Best,

    Emily H. Jones Head of School A.B. Harvard University M.A. Yale University

    youve got to be here

    The spray of metallic parts on the physics lab tables.

    WhaTs iT like milking coWs on a crisp

    WinTer morning before breakfasT?

    Using statistics to measure the growth of a Vermont forest?

    Whats it like to spend an evening with your classmates and your teacher in a faculty apartment

    discussing The Brothers Karamazov and eating home made cookies?

    Or four students in the back of a pickup, ferrying telescope parts up to the observatory.

    PEOPLE Or a drawing class while the sun sets behind the mountains and the evening sky darkens

    through the studio windows.

    imagine

    singing and cheering on a thursday morning in the pouring rain.

    i m a g i n e t h e g l o w o f t h e b l a c k s m i t h i n g s t u d i o .

    Whats it like returning from

    a trimester in CuernavaCa,

    mexiCo and thinking in spanish?

    Or being one of

    two student

    members of the

    Board presenting

    to the Trustees,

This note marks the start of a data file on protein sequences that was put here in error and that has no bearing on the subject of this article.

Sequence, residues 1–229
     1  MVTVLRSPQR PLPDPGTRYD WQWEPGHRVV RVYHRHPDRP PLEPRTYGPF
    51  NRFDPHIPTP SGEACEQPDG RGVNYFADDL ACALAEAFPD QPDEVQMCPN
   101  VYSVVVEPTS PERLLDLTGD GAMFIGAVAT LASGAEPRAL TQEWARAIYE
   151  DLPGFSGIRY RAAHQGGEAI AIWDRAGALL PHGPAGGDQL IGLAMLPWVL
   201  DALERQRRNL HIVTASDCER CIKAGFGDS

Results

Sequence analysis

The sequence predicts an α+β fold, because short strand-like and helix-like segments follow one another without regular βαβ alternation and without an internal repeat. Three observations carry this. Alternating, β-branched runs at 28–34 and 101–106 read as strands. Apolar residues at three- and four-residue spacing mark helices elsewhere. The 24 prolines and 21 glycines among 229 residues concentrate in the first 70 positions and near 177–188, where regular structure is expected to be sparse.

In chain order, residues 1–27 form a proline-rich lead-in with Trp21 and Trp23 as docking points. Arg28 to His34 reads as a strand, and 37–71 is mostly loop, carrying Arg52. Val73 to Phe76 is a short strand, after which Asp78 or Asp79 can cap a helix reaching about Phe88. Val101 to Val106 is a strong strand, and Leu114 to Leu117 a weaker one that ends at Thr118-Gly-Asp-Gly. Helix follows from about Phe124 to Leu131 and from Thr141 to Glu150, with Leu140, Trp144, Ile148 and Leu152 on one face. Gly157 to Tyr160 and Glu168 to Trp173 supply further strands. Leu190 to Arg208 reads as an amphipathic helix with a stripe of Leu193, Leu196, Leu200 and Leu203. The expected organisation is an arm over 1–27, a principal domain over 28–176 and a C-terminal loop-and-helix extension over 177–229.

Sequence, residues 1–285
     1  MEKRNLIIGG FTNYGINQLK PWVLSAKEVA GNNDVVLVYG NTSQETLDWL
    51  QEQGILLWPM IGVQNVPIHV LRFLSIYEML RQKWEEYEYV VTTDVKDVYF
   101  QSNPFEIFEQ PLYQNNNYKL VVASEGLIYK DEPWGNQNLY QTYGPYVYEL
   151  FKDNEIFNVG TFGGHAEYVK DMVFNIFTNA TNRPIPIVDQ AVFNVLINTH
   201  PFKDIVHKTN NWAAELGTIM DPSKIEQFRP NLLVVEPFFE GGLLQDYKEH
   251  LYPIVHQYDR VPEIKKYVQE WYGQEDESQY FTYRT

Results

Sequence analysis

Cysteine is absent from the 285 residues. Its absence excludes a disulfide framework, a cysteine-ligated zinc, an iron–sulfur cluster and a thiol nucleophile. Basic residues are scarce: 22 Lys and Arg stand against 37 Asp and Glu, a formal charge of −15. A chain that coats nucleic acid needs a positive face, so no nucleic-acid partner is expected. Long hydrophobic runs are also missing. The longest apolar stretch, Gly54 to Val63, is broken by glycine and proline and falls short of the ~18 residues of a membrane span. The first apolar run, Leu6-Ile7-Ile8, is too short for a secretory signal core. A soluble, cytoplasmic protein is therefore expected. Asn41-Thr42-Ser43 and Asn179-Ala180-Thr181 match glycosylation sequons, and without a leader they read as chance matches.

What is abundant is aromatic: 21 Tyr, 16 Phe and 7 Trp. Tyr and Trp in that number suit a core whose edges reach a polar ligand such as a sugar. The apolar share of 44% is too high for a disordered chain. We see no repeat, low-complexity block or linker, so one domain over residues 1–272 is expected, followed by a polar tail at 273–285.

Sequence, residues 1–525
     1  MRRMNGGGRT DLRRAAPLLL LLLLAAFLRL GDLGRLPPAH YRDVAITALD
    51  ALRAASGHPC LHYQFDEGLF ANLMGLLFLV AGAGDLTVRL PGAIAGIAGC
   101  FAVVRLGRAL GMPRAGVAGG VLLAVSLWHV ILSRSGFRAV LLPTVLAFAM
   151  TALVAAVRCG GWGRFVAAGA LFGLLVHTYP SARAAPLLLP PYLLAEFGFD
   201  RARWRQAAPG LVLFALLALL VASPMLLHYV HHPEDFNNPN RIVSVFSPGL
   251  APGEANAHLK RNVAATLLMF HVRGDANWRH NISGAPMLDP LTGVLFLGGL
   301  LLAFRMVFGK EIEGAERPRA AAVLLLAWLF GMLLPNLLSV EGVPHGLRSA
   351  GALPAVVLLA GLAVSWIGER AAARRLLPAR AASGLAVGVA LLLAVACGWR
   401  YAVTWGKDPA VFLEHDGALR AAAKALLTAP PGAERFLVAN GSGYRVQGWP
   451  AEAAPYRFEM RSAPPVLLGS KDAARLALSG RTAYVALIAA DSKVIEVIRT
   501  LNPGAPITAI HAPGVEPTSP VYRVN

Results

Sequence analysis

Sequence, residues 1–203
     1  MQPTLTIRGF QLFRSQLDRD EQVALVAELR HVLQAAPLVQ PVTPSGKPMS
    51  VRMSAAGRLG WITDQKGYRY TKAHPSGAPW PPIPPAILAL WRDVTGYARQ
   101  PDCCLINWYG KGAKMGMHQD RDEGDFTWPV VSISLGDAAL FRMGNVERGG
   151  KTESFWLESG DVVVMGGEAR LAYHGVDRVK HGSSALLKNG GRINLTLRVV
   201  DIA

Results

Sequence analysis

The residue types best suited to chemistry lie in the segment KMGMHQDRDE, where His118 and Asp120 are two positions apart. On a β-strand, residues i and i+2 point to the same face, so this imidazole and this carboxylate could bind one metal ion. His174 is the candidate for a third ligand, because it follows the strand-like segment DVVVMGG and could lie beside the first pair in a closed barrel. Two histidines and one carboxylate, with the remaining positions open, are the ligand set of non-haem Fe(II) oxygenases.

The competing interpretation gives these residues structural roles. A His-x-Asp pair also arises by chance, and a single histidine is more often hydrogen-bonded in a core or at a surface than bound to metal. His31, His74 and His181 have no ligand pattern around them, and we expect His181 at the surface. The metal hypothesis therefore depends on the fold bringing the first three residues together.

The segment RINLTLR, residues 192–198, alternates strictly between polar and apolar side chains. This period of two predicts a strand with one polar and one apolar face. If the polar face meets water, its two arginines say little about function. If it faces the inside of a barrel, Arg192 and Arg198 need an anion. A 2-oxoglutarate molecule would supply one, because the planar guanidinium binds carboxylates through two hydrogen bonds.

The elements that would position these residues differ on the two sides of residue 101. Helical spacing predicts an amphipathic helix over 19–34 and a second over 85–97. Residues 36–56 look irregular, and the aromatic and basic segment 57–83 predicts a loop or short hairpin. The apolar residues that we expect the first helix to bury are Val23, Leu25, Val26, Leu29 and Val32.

and then voting on

    an issue you really

    care about?And the rowdy laughs each

    morning at Milk Lunch.

  • Carmelita Hinton was a determined visionary. She developed a set of principles that have become the foundation, not just for The Putney School, but for progressive education as well. Our continued commitment to her fundamental beliefs and our deliberate choices for our community and curriculum have put Putney at the leading edge of education in America and the world.

    leading education The Putney School is a co educational boarding and day school for grades 9- 12

    founded in 1935 by Carmelita Hinton. We are a progressive school, which means

    we believe people learn best by doing.

    Its called progressive education, but the truth is, everyone learns better by

    doing, not by being told. We are delighted to see other schools discover project-

    based learning, integrated curricula and hands- on education, but weve been

    doing it for more than 75 years. We do it boldly and well.

    To read these fundamental beliefs, see Do: Page 1

  • putney is gorgeous We live, work, and learn on Elm Lea Farm, a 500-acre working dairy farm. If

    youve been to Vermont, you understand just how inspiring, gentle and fierce it

    can be. We are in the country, but not isolated.